Experimental comparison of compulsory and non compulsory arbitration mechanisms
We run a series of experiments to compare the well known arbitration scheme FOA (Final Offer Arbitration) with a new arbitration scheme, non compulsory, we proposed in a companion paper (Tanimura and Thoron (2008)): ROC (Recursive Offer Conciliation). The two mechanisms are also compared with a negotiation without arbitration. We observe that the ROC mechanism seems to cumulate the advantages of the two other procedures, it avoids the high frequency of impasses observed under the FOA procedure and it is as efficient as the Free procedure in this respect. Furthermore, in an asymmetric treatment, it helps the subjects to find an agreement around the equal split of the surplus, like the arbitrator of the FOA procedure does, but without imposing anything on them.
|Date of creation:||08 Apr 2011|
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- Manzini, Paola & Mariotti, Marco, 2001. "Perfect Equilibria in a Model of Bargaining with Arbitration," Games and Economic Behavior, Elsevier, vol. 37(1), pages 170-195, October.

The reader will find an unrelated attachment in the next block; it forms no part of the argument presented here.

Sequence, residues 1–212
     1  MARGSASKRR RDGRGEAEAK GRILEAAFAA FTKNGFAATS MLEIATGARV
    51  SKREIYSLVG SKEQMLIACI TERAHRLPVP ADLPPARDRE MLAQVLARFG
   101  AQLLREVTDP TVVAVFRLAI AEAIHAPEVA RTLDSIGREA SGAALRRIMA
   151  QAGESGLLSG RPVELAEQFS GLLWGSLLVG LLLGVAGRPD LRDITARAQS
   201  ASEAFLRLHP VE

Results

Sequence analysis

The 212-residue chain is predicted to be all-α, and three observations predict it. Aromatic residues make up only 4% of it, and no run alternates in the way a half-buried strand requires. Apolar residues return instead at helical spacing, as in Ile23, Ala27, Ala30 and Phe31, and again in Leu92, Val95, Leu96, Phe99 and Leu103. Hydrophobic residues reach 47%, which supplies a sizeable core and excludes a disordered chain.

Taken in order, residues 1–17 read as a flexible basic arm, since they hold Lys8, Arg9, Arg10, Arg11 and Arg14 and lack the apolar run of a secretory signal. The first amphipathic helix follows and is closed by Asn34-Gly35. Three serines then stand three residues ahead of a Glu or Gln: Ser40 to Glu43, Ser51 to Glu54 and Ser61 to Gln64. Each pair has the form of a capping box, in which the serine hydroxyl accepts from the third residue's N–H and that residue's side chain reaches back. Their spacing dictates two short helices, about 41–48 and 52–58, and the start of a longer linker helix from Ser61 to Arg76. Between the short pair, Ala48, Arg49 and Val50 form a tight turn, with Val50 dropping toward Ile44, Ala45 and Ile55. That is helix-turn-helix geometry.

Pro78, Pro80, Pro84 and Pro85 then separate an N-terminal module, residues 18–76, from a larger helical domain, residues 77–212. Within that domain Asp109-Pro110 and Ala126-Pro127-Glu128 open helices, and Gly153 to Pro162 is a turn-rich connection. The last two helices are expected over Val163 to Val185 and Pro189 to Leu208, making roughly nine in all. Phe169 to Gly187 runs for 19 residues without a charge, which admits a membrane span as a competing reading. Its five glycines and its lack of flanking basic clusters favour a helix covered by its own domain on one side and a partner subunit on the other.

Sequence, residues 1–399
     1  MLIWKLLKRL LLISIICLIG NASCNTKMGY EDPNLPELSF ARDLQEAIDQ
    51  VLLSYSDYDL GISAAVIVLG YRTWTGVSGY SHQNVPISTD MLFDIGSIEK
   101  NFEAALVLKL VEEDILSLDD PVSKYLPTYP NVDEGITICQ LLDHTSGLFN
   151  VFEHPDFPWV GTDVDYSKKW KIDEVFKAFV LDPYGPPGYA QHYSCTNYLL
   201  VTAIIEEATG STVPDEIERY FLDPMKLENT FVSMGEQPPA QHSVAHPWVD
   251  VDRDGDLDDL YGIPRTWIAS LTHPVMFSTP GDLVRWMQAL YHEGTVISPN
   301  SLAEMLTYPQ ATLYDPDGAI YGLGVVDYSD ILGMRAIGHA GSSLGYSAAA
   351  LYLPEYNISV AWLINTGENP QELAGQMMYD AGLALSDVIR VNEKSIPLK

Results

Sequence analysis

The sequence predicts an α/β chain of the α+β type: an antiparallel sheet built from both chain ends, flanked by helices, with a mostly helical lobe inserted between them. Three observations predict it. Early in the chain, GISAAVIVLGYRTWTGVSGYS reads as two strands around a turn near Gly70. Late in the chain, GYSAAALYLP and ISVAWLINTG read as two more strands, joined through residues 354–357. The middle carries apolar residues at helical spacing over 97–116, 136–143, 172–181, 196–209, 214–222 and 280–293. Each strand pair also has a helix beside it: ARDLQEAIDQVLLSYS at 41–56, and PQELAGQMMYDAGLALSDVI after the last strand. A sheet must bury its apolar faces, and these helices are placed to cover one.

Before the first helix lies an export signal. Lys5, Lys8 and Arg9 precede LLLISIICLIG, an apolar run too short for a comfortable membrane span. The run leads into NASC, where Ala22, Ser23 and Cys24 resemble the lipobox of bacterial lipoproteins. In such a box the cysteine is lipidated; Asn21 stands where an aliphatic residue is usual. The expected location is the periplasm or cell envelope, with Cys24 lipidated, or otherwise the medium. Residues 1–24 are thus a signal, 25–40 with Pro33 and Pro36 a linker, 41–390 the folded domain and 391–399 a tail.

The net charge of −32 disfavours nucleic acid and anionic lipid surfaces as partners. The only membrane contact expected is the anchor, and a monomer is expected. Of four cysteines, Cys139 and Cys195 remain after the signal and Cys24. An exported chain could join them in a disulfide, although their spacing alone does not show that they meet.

- Urs Fischbacher, 2007. "z-Tree: Zurich toolbox for ready-made economic experiments," Experimental Economics, Springer;Economic Science Association, vol. 10(2), pages 171-178, June.
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"The Chilling Effect Of Optimism: The Case of Final-Offer Arbitration,"
2003-01, Utah State University, Department of Economics.
- Dickinson, David L., 2006. "The chilling effect of optimism: The case of final-offer arbitration," Journal of Behavioral and Experimental Economics (formerly The Journal of Socio-Economics), Elsevier, vol. 35(1), pages 17-30, February.
- Emily Tanimura & Sylvie Thoron, 2008. "A mechanism for solving bargaining problems between risk averse players," Working Papers halshs-00325695, HAL.
- Trockel, Walter, 2011. "An axiomatization of the sequential Raiffa solution," Center for Mathematical Economics Working Papers 425, Center for Mathematical Economics, Bielefeld University.
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